An endlessly laudable organization, FIAC was founded in 1996 by ten attorneys and activists concerned about cuts in funding to immigrant advocacy. Their budget was $400,000. Ten years later, they have 40 employees and a $2.4 million budget. Their tireless work on behalf of all immigrants, from Haitian asylum-seekers to migrant farm workers, is desperately needed in South Florida. FIAC attorneys, led by executive director Cheryl Little, are at the forefront of immigrant issues -- ranging from poor conditions at detention centers to the burgeoning human trafficking industry.
In 1992 the first choice in the NBA draft was Shaquille O'Neal. The second was Alonzo Mourning, and a rivalry, sometimes bitter, developed between the two centers. Last year Shaq and Zo became partners in the Miami Heat's ongoing quest for an NBA championship. In between exists enough triumph, adversity, and drama to fill a book (or ten). In any case, Zo's the man because of the intricacies of pro hoops, a team game in which back-up players are often as important as starters. And the drama. After coming to Miami in 1995 and delivering top-quality play for years, Mourning, who had been diagnosed with focal glomerulosclerosis, missed the entire 2002-2003 season because of what the media called his "career-ending" kidney illness. But Zo came back, played for New Jersey and Toronto, and was re-signed as a free agent by the Heat on March 1, 2005. The Heat then made its most promising run for NBA supremacy, losing by only six points in Game 7 of the Eastern Conference finals. With Shaq suffering an injury earlier in those playoffs (he returned for the finals), the Heat might not have made it as far as they did without Zo, who stepped in and filled Shaq's enormous shoes. And that's the key now, as the Heat has gone all-out (a number of trades, Pat Riley returning as coach) to finally go all the way. With Shaq being prone to minor injuries and missing free throws, it is Alonzo Mourning who could make the difference between supremacy and second place.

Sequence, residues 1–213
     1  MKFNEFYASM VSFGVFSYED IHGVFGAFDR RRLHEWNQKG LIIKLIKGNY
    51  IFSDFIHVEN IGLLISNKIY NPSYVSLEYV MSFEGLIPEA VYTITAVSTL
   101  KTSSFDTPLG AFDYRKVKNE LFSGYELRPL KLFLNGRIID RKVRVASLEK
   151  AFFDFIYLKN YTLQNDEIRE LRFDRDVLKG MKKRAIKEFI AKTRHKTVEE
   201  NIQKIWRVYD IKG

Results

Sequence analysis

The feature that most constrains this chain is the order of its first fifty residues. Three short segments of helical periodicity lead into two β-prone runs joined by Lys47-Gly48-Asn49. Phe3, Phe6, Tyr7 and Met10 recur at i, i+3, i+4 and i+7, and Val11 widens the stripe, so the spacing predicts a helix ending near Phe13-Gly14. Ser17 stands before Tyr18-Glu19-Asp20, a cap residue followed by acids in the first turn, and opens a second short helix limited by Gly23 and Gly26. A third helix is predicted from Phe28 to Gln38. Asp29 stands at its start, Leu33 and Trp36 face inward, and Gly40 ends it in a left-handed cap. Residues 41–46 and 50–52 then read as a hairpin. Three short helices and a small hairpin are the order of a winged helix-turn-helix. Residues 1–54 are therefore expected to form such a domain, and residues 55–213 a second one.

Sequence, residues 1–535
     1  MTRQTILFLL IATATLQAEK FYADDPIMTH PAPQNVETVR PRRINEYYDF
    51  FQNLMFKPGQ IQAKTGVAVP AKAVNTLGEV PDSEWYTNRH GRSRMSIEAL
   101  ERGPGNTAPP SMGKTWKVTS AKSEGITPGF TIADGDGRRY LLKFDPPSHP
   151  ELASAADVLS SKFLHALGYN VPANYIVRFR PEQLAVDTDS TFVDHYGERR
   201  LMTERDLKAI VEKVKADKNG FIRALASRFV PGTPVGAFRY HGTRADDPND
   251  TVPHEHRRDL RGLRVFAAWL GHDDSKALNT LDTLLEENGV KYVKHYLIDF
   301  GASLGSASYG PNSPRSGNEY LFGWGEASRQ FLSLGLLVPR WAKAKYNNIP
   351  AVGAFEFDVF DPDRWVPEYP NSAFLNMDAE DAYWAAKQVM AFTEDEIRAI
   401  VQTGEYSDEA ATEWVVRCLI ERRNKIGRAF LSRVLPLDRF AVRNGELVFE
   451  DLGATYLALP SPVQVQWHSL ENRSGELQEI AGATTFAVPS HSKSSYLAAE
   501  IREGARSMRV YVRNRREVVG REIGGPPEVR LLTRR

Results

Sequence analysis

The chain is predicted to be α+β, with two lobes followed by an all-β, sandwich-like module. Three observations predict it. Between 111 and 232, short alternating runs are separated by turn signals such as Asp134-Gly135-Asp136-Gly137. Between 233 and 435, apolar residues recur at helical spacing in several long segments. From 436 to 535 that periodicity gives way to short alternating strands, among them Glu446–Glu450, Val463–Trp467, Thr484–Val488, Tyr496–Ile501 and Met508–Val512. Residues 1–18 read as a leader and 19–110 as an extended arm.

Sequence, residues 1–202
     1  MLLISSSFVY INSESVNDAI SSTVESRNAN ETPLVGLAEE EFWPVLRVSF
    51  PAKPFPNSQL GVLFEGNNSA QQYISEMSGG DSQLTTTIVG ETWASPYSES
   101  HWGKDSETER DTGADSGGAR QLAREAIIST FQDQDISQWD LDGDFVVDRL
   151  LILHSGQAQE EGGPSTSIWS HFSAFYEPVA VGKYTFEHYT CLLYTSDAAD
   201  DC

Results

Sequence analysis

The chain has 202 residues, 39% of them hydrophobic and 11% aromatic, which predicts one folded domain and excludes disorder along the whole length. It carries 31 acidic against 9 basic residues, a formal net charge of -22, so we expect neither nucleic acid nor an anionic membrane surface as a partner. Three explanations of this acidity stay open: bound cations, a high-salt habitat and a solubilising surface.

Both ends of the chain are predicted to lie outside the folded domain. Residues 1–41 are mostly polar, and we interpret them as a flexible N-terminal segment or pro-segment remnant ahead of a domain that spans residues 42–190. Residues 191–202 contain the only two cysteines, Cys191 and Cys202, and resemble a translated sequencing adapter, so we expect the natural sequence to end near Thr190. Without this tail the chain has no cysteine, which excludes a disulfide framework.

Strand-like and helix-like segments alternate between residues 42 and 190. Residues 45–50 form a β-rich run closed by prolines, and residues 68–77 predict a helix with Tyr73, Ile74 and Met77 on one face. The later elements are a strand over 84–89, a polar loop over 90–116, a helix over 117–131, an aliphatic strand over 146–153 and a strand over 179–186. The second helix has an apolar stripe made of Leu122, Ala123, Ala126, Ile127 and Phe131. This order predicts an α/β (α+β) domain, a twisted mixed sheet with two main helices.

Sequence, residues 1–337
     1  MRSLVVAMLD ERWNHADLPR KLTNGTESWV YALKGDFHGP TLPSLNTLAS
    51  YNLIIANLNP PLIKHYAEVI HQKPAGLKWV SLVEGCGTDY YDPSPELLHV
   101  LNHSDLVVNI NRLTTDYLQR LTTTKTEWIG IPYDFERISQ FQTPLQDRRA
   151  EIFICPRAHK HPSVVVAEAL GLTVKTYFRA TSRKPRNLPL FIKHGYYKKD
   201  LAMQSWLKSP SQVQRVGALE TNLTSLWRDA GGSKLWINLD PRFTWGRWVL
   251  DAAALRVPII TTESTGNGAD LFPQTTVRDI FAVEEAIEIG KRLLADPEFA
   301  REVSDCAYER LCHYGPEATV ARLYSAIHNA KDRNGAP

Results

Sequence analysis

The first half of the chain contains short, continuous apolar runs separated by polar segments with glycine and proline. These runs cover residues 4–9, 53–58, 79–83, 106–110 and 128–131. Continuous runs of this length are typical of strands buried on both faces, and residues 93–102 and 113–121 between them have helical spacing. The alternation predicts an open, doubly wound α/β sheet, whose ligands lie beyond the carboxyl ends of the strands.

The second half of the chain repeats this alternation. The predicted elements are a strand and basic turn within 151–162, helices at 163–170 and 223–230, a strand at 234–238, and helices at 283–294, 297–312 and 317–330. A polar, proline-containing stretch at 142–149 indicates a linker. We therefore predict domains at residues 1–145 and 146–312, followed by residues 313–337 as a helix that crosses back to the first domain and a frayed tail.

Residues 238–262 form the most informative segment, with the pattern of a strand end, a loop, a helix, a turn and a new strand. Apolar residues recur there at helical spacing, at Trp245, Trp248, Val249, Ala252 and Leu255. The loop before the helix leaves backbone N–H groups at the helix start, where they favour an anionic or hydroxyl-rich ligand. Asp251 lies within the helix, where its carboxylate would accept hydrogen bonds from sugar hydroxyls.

On most Fridays between 3:00 and 9:00 p.m., Boulevard Liquors cashes checks for hundreds of the lunch-bucket schmos and sundry perhaps-less-than-documented worker ants who are doing the scut work of reshaping Miami's condo-a-skyline. Intrepid streetwalkers have caught on to the potentially captive audience and staked out a bus bench nestled between the store and the nearby Pronto market. Those stuck in traffic can often catch the quick-buck hustlers jockeying for position and wagging their stuff. Some of the shameless tarts have taken to bringing along a pet dog; they apparently believe a canine will throw off Miami's finest while they mow threw their grimy, hayseed Johns like reapers in a wheat field. The sordid ritual is part street theater, part cockfight, and highly entertaining. Best of all, it's a free and soothing balm for those on the verge of rush-hour road rage.